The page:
Still further, as can be appreciated, existing lighting systems could be retrofitted with the SMART LAMP circuit to achieve energy savings and longer lamp life. Old capacitors could be replaced with new ones and the SMART LAMP circuit merely plugged in the ballast box. The added cost could be recovered with energy savings.
Also, most of the cost of replacement of lamps is labor and equipment costs. Lamps cost around $30 to $60. Labor and equipment (e.g. a rented crane to elevate a worker to change a lamp) can cost on the order of $120 per lamp change. If lamp life could be lengthened, perhaps by at least double, the cost of at least one lamp change would also by saved, making the retrofit of the Smart Lamp™ circuit additionally economical. Another idea is to retrofit a whole new fixture 10, with Smart Lamp™ circuitry, for a conventional fixture and lamp circuit. Presently the entire fixture 10 may cost in the $300 range. It is relatively quick and easy to put knuckle plates 60 on the old cross arms and connect knuckle 50 of new fixture 10. The aiming diagrams are usually saved for the lighting installation (either by the owner of the lighting system, its manufacturer, or the installing contractor). To retrofit, the capacitors for the old fixtures are removed from the ballast box, and new ones put in with a SMART LAMP™ circuit. Because the modified lamp 20 in new fixture 10 is operated at a lower wattage with the SMART LAMP™ circuit, the new fixtures may have to be re-aimed. But such costs, as well as the cost to replace the fixtures, can be recoverable because (a) there likely will be less total fixtures needed because of increased light from each fixture 10, and (b) because of energy savings and less lamp changes, with the added environmental benefits of less energy usage, more efficient energy usage, and less spill and glare.
Alternatively, the retrofitting project could leave the same number of fixtures but operate them at a reduced wattage (1500 Watt to 1000 Watt). A one-to-one take out and replacement would just require different capacitors and a SMART LAMP circuit, and would be cheaper than changing over all the fixtures to new fixtures 10. There likely would be no re-aiming, but would operate more fixtures.
An additional benefit of this SMART LAMP feature is the substantial reduction of glare and spill light in most applications. Less light initially is issued (e.g. approximately 30%) from each fixture 10 using the feature. Therefore, if two fixtures had generally the same light pattern relative a target area, a fixture with the SMART LAMP feature would generally create a reduced level of glare and spill light compared to one without during the initial reduced wattage period, because it is outputting less light energy. While SMART LAMP generally keeps light output at about the same level during operating life of the lamp, if the 0.7 multiplier reduction in initial light output is used, this represents a significant reduction in spill and glare initially. Conventional systems can have on the order of 50 to 60% more spill and glare during this period. This is with the added benefit that less electricity is used during this time.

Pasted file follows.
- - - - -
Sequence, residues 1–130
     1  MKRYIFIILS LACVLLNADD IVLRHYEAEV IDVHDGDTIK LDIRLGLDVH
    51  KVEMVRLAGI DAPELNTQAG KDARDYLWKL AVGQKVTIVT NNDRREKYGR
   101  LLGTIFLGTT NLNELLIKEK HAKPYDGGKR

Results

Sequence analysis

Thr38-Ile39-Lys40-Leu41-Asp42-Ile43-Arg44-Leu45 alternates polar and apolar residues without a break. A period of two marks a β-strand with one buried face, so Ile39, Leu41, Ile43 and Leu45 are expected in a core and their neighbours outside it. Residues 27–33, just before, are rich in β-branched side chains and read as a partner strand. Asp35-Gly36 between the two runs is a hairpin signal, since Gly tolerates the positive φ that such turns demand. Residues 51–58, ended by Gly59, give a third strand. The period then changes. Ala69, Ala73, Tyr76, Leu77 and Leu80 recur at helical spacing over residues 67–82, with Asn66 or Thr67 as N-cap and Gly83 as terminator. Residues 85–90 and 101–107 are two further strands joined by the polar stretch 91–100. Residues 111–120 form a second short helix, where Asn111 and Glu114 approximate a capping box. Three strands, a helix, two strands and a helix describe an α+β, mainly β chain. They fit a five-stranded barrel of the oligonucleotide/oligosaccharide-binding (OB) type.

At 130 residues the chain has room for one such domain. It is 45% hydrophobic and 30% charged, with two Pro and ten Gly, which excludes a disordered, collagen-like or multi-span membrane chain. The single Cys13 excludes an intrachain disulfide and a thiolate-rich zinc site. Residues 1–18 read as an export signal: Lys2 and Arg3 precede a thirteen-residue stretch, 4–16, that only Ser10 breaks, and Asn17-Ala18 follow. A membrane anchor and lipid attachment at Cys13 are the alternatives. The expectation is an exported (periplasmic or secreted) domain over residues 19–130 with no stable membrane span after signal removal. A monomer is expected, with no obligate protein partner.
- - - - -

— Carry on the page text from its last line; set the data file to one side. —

This can be a significant issue, especially for lighting systems near neighborhoods or in cities. This can be an environmental issue. Some regulations or rules for glare and spill impose maximum light levels at a neighboring property line. These restrictions can apply from the moment the lighting system is turned on. Therefore conventional systems, with higher initial light output (and higher spill and glare initially) would either have to apply more and expensive spill and glare equipment to the fixtures, but this frequently would result in insufficient light levels at the field once the initial lumen depreciation period for those lamps is done. Therefore, those systems frequently must build-in more light fixtures to the lighting system, which adds cost to the system. It may even require more or more expensive light poles to handle the additional fixtures, which is a still further added cost.
Thus, this SMART LAMP feature can provide glare and spill light benefits as well as energy optimization and light output options and benefits. The system designer and end user can balance different options. The SMART LAMP is programmable or configurable for different needs and desires. It can produce different performance options. For example, it can produce a range of light outputs. It can produce different regimens of energy savings. The designer and end user can select from and balance different factors and customize the benefits to each application.
As can be seen, one benefit to the end user can be a reduction in the fixture count for a lighting system. The lower initial spill and glare but maintenance of light levels over operation life, can allow less fixtures to light the field. This reduces capital cost, and usually operating costs. It can reduce cost further by requiring fewer poles or less expensive poles to elevate the reduced fixture count.
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|International Classification||H05B41/40, H05B41/392, H05B39/00|
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|Apr 24, 2006||AS||Assignment|
Owner name: MUSCO CORPORATION, IOWA
Free format text: ASSIGNMENT OF ASSIGNORS INTEREST;ASSIGNORS:GORDIN, MYRON K.;BOYLE, TIMOTHY J.;REEL/FRAME:017516/0330;SIGNING DATES FROM 20060413 TO 20060419
Owner name: MUSCO CORPORATION,IOWA
Free format text: ASSIGNMENT OF ASSIGNORS INTEREST;ASSIGNORS:GORDIN, MYRON K.;BOYLE, TIMOTHY J.;SIGNING DATES FROM 20060413 TO 20060419;REEL/FRAME:017516/0330
|Sep 13, 2013||FPAY||Fee payment|
Year of fee payment: 4